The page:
In sociology, racialization or ethnicization is the process of ascribing ethnic or racial identities to a relationship, social practice, or group that did not identify itself as such. Racialization or ethnicization often arises out of the interaction of a group with a group that it dominates and ascribes a racial identity to for the purpose of continued domination; over time, the racialized and ethnicized group often gradually identifies with and even embraces this identity and thus becomes a self-ascribed race or ethnicity. These processes have been common throughout the history of imperialism, nationalism, and racial and ethnic hierarchies.

With almost everyone, except for Donald Trump, dropping dead from COVID-19, how important is this?

We recognize that everyone has a lot going on in life now — and we also believe that it is important for us to dedicate time to listening to the experiences of our fellow community members.

I would love to know who these people are who have “a lot going on in life now”!

Full post, including comments

Testing will end coronaplague, but quarantine anyway…

From the local K-8 school…

I am writing to inform you that a student … has tested positive for COVID-19. All families with students in the impacted cohort have been notified and their children were picked up from school immediately. Our first responsibility is to keep our students and staff safe.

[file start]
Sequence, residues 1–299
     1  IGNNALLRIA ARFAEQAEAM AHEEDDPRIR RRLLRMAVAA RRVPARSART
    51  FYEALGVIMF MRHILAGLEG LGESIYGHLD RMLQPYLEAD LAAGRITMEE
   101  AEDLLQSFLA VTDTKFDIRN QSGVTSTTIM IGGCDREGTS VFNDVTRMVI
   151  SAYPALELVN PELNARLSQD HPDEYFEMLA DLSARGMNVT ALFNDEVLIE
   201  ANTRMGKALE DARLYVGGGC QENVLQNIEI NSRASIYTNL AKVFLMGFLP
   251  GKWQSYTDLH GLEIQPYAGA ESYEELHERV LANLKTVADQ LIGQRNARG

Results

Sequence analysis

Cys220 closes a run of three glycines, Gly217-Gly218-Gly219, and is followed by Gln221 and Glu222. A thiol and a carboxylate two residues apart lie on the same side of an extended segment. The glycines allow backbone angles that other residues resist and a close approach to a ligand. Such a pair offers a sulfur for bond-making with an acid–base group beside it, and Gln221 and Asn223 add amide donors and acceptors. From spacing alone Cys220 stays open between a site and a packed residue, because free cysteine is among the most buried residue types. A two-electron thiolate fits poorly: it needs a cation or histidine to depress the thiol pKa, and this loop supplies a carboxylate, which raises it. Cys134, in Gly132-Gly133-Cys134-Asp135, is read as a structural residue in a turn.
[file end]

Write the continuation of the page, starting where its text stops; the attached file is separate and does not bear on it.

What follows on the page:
(In case you thought their first responsibility was education!)

We have been planning for this scenario during our reopening planning process and have a comprehensive plan in place to sanitize the school, inform families whose students were at risk of exposure or in close contact, and support the affected family as they navigate this stressful experience.

Our student body and staff have been closely adhering to the safety protocols including mask wearing, hand washing, and physical distancing.

(But we don’t believe that any of this stuff actually works, which is why what might be a false positive test leads us to shut down a “cohort” of the school?)

We are grateful to our families for their continued efforts to keep students home at the first sign of symptoms. These measures, taken in combination, greatly reduce the risk of additional transmission.
Though we cannot provide specific information about our school community member who tested positive, your child was not a close contact (defined as being within 6 feet of the person for at least 15 minutes) of the affected school member. Please continue to monitor your child for symptoms, and keep your child home if he/she/they shows any symptoms or is not feeling well.

Parents of students who were in close contact with the community member have been notified separately. All close contacts should be tested but must self-quarantine for 14 days after the last exposure to the person who tested positive, regardless of test result.

(Testing is critical for prevailing in the war that we’ve declared on this virus, but we are going to throw out the test results and quarantine everyone regardless.)

Some good news for Chlorox: